How This CEO Raised $105 Million Without a Single PowerPoint Presentation By Kimberly Weisul

How This CEO Raised $105 Million Without a Single PowerPoint Presentation By Kimberly Weisul

Not all unicorns are wounded or dying. And no, this isn’t about Uber.

In an environment when many late-stage investors are marking down the value of their stakes in billion-dollar startups, Sprinklr, an enterprise software company that helps big companies manage their social media presence, announced that it raised a $105 million investment round at a valuation of $1.8 billion. Sprinklr says it was previously valued at $1.2 billion.

Currently, there are relatively few new unicorn companies being created. In the first quarter of 2016 just one new unicorn emerged in North America, according to CB Insights. The second quarter saw five. That may seem like plenty, but in the third quarter of 2015, 17 private companies surpassed $1 billion in valuation for the first time. Worldwide, CB Insights counts 168 unicorns, with a cumulative valuation of $600 billion.

Sprinklr’s CEO, Ragy Thomas, said he raised that $105 million without a single PowerPoint presentation. In fact, he says, in his entire history of raising money for Sprinklr, he has done exactly one PowerPoint presentation for venture capitalists. “That was very early on,” Thomas says. “The guy basically asked me to do a PowerPoint because his partners were in different offices, and so I had to do the slides.”

In general, says Thomas, he’s never tried to shop investors in search of higher valuations for his company, which he refers to as “optimizing for valuation.” Instead, he says he’s always looking for the best long-term partners, and in that context, the PowerPoint became a filter. “My approach has been that after you know our story and our data, and then you still need a PowerPoint to understand it, we’re not a good fit,” says Thomas, who is pictured above.

His attitude is illustrated by the company’s investment history. Even though the company has raised a total of $239 million, Sprinklr has only six outside investors. Battery Ventures was the sole investor in Sprinklr’s A round. In the Series B, Intel Capital came in. Those same two investors took all of the Series C. Obviously, they believed in the company. And the way Thomas looks at it, why go elsewhere? “If we wanted to raise $25 million dollars, they’d write a check,” he says. “All we could get if went outside, to other investors, was a better valuation, and maybe not even that.” Because the company was growing, he, as the founder, did not have to dilute himself.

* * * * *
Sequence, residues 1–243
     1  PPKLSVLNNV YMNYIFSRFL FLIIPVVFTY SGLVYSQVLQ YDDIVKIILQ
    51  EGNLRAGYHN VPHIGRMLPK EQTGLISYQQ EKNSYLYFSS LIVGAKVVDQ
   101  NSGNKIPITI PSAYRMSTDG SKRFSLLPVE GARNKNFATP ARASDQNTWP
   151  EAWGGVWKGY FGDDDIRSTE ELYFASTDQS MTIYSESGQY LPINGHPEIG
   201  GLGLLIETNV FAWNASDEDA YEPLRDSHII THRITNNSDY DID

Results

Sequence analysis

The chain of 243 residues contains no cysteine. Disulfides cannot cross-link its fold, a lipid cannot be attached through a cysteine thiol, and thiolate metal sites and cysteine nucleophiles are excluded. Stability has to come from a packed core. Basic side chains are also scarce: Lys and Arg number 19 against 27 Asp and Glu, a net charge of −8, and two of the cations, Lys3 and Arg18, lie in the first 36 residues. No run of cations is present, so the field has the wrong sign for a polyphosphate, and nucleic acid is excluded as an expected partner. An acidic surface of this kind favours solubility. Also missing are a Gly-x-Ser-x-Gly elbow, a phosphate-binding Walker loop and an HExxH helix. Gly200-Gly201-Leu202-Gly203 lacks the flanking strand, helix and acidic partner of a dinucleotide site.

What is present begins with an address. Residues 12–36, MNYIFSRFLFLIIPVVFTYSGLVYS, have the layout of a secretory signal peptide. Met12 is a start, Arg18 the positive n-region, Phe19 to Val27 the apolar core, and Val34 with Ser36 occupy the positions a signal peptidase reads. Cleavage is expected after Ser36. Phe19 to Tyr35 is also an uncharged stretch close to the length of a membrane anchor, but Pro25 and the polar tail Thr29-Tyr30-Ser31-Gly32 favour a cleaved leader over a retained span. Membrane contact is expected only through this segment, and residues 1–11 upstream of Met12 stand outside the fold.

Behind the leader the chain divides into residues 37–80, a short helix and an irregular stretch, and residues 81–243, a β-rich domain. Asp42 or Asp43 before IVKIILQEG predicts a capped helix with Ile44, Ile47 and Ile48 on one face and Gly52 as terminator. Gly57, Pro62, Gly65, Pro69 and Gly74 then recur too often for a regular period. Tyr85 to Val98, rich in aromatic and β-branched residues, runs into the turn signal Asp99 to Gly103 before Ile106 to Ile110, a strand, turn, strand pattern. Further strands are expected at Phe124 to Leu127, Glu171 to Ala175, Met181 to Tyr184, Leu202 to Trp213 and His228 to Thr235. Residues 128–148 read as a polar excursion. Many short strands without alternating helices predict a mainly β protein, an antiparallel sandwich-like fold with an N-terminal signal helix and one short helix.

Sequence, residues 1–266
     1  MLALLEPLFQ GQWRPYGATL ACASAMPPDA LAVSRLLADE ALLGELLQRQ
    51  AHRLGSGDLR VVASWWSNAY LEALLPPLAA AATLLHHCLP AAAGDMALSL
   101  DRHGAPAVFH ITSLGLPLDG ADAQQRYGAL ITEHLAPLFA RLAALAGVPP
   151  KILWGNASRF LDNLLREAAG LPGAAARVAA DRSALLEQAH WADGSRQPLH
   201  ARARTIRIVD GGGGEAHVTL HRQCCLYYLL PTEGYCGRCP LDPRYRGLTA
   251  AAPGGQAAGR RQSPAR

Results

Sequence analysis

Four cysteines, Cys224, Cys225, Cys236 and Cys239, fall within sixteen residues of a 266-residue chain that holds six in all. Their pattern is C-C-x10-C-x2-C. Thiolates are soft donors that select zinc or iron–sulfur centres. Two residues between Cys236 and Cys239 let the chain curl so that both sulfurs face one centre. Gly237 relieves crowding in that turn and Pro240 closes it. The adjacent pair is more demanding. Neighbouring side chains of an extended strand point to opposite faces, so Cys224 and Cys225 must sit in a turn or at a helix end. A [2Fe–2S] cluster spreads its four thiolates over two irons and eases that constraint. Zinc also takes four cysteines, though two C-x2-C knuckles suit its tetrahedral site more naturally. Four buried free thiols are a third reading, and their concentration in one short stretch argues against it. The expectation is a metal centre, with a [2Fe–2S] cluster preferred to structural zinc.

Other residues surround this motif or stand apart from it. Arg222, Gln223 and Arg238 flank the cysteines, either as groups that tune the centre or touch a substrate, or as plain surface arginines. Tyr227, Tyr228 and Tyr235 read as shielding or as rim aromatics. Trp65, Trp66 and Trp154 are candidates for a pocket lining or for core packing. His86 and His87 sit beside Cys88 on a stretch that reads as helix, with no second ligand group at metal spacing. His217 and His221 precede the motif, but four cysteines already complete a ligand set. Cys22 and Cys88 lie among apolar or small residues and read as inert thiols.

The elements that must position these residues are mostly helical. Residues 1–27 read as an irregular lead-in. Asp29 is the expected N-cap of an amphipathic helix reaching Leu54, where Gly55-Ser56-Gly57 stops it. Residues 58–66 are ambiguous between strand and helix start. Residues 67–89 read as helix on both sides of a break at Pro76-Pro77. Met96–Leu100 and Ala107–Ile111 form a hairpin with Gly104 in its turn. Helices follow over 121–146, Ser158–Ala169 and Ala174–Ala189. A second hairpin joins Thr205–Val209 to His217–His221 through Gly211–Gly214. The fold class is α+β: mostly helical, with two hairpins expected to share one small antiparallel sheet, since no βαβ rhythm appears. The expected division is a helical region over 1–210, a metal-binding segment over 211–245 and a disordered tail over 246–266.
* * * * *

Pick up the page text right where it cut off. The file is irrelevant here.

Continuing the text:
Thomas said the fundraising process this time around was “absolutely pleasant,” which I guess is what happens when your company has $100 million in annual recurring revenue as of the third quarter of 2015, and has been growing “aggressively” since then. Sprinklr’s revenue, says Thomas, is large enough that a valuation can be calculated based on the company’s growth, using public companies as comparables. Sprinklr says it has more than 1,200 brands as customers, including half of the Fortune 50.

Like many other companies raising large late-stage rounds, Sprinklr didn’t rely on the traditional Silicon Valley crowd to get this deal done. Instead, the round was led by Temasek, a fund owned by the government of Singapore; Wellington, a private investment management company; and EDBI, the corporate investment arm of the Singapore Economic Development Board.

In the case of both Temasek and Wellington, says Thomas, the appeal was “their commitment to double down and grow.” Here, Thomas isn’t referring to another round of private financing, but to the company’s eventual initial public offering. While Thomas didn’t say this directly, it’s clear that he’s looking for investors who not only support the company now, but want to become long-term holders of stock once Sprinklr goes public. “We’re looking to get long-term public investors to anchor us through the next several years,” he says.

EDBI is more of a strategic play. Sprinklr wants to compete in Asia; Singapore has declared its ambition to be the world’s first “smart country.” (That’s technology, not test scores.) In that light, says Thomas, the investment from EDBI is “incredibly strategic.”

Looking for those strategic partners, rather than relentlessly seeking the best valuation, is what made the entire fundraising process, as Thomas puts it, “painless.” And, of course, PowerPoint-free.


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